Useful Physics Links

Have you wished your teachers could have made your physics lessons more interesting to further your understanding of the world around you?  No worries.  You can certainly indulge yourself by going to some of the web sites listed below.  As always, do not hesitate to ask your teachers or me questions should you have any difficulties.

 

1.        Absolutely fascinating this link. The University of Colorado at Boulder's interactive website takes you through several important experiments and physics during the 20th century.  To see these wonderful experiments using Java Applets, click below:

http://www.colorado.edu/physics/2000/index.pl

2.        Do you want to know how many of the gadgets you encounter everyday works? Then you must visit Marshall Brain's 'HowStuffWorks'. Really good stuff here!

http://www.howstuffworks.com/

3.         Click on to access this great resource for science educators.

4.         To visit the University of California at Berkeley’s Physics Lecture      Demonstrations web site click on:

http://www.mip.berkeley.edu/physics/physics.html

 

4.     Why not the award winning University of Maryland’s Physics demonstrations at: http://www.physics.umd.edu/deptinfo/facilities/lecdem/

 

5.     How about the University of Texas at Austin’s Physics demonstrations instead:

http://www.ph.utexas.edu/~phy-demo/

 

6.     This is an absolutely fascinating web site for students of physics and astronomy at ‘all levels’. The American Institute of Physics beyond doubt “promotes the advancement and diffusion of the knowledge of physics and its application to human welfare”.

http://www.aip.org/

 

7.     To visit the American Journal of Physics home page, click on the URL:

http://ojps.aip.org/ajp

 

8.     For articles on ‘Physics World’, Web links, accessing TIPTOP and so on, you can click on:

http://physicsweb.org/

 

9.     You can spend a good deal or your time by browsing the Scientific American's website at their URL, and even ask their experts questions.

http://www.sciam.com/

 

10.     You can learn about the principles of physics behind daredevil rides such as the roller coaster and free-fall in the Amusement Park Physics web site.

http://www.learner.org/exhibits/parkphysics/

 

11.     You could visit the Physical Sciences Resource Center (PSRC), a project of the American Association of Physics Teachers (AAPT) created to provide teacher resources for the entire spectrum of learners.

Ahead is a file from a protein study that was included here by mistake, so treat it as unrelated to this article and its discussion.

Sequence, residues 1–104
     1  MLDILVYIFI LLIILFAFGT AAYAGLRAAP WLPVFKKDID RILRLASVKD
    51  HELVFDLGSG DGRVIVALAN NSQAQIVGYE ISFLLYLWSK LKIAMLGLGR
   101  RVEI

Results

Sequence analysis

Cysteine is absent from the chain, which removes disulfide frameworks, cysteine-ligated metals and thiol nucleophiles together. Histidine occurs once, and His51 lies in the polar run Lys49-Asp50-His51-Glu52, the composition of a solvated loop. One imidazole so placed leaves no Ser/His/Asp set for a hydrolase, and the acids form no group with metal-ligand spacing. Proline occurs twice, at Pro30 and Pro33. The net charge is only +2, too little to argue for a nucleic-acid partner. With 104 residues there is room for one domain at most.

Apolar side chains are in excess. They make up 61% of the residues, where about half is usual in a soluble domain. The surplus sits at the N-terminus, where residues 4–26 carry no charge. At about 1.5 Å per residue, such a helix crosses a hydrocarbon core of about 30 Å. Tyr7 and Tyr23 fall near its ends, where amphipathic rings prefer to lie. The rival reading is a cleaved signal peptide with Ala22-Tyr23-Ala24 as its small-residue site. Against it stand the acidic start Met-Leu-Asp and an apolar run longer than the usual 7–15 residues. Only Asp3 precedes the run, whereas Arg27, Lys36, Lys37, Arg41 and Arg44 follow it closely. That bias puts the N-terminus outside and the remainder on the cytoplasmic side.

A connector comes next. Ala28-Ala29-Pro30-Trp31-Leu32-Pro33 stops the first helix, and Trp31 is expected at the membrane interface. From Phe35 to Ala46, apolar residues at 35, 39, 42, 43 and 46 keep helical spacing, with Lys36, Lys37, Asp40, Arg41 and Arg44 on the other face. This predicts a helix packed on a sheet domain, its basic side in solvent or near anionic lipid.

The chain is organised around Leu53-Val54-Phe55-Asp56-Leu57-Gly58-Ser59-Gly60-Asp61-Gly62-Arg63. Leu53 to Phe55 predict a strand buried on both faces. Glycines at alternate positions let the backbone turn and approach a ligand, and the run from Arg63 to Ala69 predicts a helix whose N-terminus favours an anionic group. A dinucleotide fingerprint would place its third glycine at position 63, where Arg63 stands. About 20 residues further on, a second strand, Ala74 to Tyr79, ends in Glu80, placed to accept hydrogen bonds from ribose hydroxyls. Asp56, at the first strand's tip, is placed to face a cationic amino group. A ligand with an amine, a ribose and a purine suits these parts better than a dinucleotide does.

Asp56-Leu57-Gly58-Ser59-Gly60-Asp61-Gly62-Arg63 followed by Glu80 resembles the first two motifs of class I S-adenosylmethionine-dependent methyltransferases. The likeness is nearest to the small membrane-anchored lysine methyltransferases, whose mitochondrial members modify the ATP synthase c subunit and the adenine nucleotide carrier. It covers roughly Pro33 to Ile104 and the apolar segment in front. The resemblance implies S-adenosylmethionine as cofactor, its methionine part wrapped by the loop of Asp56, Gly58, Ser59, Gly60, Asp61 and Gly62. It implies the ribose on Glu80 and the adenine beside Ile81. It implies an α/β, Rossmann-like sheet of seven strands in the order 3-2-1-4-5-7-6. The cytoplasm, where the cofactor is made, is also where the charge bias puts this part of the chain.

http://www.psrc-online.org/

 

 

12.    For a fascinating array of physics topics and links, a site you must visit:

http://galaxy.tradewave.com/galaxy/Science/Physics.html

 

13.    Flying has always captured mankind’s fascination. The Beginner’s Guide to Aerodynamics web site explains the physics principles involved to beginners through interactive animations, equations, images, and text.

http://www.lerc.nasa.gov/WWW/K-12/airplane/bga.html

 

14.    The Nobel laureate Emilio Serge Visual Archive focus on American physicists and astronomers of the twentieth century, but includes many scientists in Europe and elsewhere, in other fields related to physics, and in earlier times.

http://www.aip.org/history/esva/

 

15.    Have difficulties understanding some of the scientific concepts? The Explore Science web site should help dispel several of your difficulties.

http://www.explorescience.com/

 

16.    Have you ever wondered what are the fundamental particles that make up everything in the world? Not cells or genetic blueprints as in a biologist perspective, but what’s even smaller? You can find some answers to these and more questions in the web site of  ‘The Particle Adventure’.

http://particleadventure.org/

 

17.   Would you like to visit a museum of science, art and human perception.  Then click on this captivating URL:

http://www.exploratorium.edu/

 

18.    You can find a wealth of information here about Science projects, useful links to other web sites in this URL. http://www.eskimo.com/~billb/amasci.html

 

19.    This comprehensive web site would help you find links to educational resources whether you’re a student, teacher or a parent. If you were looking for lesson plans for physical science, chemistry and physics on the internet, you can find some here.

http://www.cln.org/cln.html

 

20.    This web site has numerous physics lessons for middle and high school students, categorized along the traditional topics in physics

http://www.iit.edu/~smile/physinde.html

21.    In the past two decades, bankers and financial institution have increasingly recognized the value of hiring physicists, mathematics and engineers to predict fluctuations and patterns in the stock market. Using models in high-energy physics, statistical physics and more recently using the theories of combustion physicists have predicted the future value of some stocks with a great deal of accuracy. You can read more on this by clicking on the URL:

http://physicsweb.org/article/news/5/1/6

22.    This website is designed by scientists for scientists and is in their words like a BMW the ultimate web search tool, a scientists own internet community. Click on:

http://www.search4science.com

23.    This would be a very useful link to a myriad of physics departments worldwide.

http://physicsnet.uni-oldenburg.de/physnet/physnet.html

24.    To pore into The Institute of Physics' web site for physics and physicists, you can go to the URL:

http://www.iop.org/

25.    Astronomy enthusiasts must visit this link because you'd find this website of The Astronomical Society of the Pacific a very useful link.

http://www.astrosociety.org/education.html